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TECHNOLOGY

Six HIPAA violations you may be missing

Is your practice HIPAA compliant? Are you sure? Most health-care providers take very seriously this federal mandate to protect patient privacy—at least in theory. In practice, however, lots of things get missed.

“When HIPAA was new and everyone was going to lectures and conferences and getting training, everyone was on top of it,” says Erika Adler, an attorney specializing in regulatory and transactional health-care law. “But after a few years, there has been a lapse in attention. People have stopped handing out notices and aren’t so careful about leaving files out where they can be seen. But often it is the more subtle things that trip people up.”

Even if you’ve covered the basics—your employees have all had training, you have regular HIPAA audits, and your daily routine is HIPAA compliant—you might want to take a closer look for violations that may be slipping through the cracks. Here are a few you could be missing:

1. One of the most common lapses is failing to get signed agreements from business associates, says Adler. If anyone you do business with has potential access to patient data and that business is not a covered entity under HIPAA, you are responsible for any compromise of data that occurs as a result of that business relationship. And this goes for any business associates of your business associates—all the way down the line.

For example, say you hire an outside coding company, and you have signed agreements with them. But the coding company hires freelance coders. You must get agreements signed by the outside coders as well, Adler explains. It can be hard to keep track of all the possible links in this chain, but it is your responsibility to do so.

2. These days more and more patients want to connect with their doctors via email or text. If both doctor and patient are comfortable with it, this can be a huge convenience. It can also be a huge HIPAA risk. If you exchange email with patients (or other providers) be sure to follow HIPAA-approved safeguards.

3. Any electronic device that contains patient data is a potential source of trouble. Phones, laptops, and tablets are obvious risks, but take care with other storage devices as well.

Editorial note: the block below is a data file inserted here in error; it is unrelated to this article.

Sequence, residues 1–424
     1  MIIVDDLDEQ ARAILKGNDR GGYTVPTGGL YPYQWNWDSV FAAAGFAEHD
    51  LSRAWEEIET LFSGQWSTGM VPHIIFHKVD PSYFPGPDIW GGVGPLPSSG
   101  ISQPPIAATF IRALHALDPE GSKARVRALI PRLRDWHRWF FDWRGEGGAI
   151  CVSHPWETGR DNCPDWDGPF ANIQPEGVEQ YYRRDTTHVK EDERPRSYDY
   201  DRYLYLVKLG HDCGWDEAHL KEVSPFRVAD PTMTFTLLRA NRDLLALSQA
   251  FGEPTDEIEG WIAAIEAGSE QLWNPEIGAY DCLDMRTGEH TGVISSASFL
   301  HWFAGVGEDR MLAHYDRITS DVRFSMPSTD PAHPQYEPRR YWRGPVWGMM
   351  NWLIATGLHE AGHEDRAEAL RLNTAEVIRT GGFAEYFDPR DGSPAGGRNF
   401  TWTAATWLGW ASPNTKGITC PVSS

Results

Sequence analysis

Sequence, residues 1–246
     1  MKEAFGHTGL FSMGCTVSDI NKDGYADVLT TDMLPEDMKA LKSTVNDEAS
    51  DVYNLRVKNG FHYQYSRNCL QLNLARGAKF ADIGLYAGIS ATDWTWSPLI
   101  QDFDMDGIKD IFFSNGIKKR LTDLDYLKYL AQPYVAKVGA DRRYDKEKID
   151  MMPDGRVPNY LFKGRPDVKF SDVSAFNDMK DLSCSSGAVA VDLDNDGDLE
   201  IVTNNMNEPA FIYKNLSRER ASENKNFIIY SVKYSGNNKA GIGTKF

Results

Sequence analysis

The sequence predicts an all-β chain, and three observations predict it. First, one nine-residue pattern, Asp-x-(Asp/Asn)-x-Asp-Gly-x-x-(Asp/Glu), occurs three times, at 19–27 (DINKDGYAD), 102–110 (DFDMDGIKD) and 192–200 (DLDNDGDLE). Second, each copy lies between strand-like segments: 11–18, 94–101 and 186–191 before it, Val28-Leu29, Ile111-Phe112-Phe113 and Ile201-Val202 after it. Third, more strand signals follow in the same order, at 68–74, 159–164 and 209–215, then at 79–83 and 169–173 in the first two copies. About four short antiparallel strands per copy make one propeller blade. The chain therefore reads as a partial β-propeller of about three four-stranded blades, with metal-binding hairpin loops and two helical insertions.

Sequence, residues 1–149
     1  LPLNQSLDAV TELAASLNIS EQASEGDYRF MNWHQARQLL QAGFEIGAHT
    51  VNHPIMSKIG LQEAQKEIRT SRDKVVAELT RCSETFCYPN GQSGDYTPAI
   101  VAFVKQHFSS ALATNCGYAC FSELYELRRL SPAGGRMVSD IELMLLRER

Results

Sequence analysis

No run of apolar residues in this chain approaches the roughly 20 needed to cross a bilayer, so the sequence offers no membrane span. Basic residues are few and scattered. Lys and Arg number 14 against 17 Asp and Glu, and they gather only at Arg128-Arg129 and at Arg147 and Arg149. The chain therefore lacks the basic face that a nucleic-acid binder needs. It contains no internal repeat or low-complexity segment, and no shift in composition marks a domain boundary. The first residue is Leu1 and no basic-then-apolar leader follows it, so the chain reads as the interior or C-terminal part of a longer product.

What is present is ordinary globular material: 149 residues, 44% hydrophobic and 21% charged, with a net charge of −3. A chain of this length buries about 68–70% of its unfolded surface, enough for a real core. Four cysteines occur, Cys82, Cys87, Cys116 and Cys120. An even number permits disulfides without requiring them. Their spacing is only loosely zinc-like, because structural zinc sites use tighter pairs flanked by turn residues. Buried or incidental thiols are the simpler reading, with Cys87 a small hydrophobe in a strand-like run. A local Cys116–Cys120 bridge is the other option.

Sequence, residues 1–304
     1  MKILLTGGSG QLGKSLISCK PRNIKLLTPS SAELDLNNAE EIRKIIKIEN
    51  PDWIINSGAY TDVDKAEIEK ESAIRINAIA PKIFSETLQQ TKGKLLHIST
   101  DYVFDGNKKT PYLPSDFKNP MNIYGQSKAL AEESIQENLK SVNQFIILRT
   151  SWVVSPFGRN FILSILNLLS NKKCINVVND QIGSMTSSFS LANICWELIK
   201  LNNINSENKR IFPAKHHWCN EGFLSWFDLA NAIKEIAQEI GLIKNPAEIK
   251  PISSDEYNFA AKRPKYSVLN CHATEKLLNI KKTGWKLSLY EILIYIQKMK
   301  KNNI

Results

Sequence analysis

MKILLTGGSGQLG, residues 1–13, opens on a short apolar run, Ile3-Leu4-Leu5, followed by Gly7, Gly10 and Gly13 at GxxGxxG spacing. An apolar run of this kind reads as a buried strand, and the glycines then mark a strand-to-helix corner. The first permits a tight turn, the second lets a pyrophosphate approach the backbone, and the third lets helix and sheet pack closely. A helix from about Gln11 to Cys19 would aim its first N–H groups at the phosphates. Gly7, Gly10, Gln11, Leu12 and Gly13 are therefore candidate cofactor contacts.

“It might seem harmless to take work home on a flash drive to help get caught up over the weekend,” says Kathy Downing, director of practice excellence at the American Health Information Management Association. “But if that work contains sensitive data, you could be asking for trouble. If a device is lost and the data is encrypted, you’re not liable, but password protected does not mean encrypted.” Make sure any electronic patient data that leaves your office is encrypted.

4. HIPAA protects privacy, but it also protects patients’ rights to access their own medical records.

“I still hear about physicians violating right to access,” says Downing. “Some physicians believe they can keep information from their patients or charge them for it. But you are obligated to provide patients with their records within 30 days of a request—electronically, if it’s available in electronic form and the patient requests it that way.”

5. Clinics that offer medical procedures, such as dialysis or radiation therapy, often make a simple and understandable mistake that is in fact a serious HIPAA violation: They assume the caregiver who brings a patient for treatment is authorized to receive information about that patient.

“It’s a natural thing to assume,” says Adler, “but is often not the case.” And, of course, it is just as natural that the caregiver will ask about the patient’s condition. Don’t take chances; make sure any person you give information to is authorized to receive that information.

6. Most health-care providers wouldn’t dream of disclosing patient information on social media, but avoiding it may be trickier than you think. Sensitive information can slip through in all kinds of ways.

“Social media is dangerous,” says Adler. “Maybe an employee posts a selfie on her Facebook page with sensitive information in the background.” says Adler. “If a patient’s name or other identifiable information is readable in the background (say on a folder on the desk), you’ve committed a major HIPAA violation. Some staff in medical offices are young and not necessarily all that mature.”

It’s a good idea to have very specific social media policies and enforce them ruthlessly. A good rule of thumb for social media is, “If you wouldn’t say it in the elevator, don’t say it online.”


Related reading:

Are your business associate agreements up to date with the latest HIPAA requirements?


HIPAA audits looming and small practices far from compliant


$800,000 HIPAA penalty for dumping medical records


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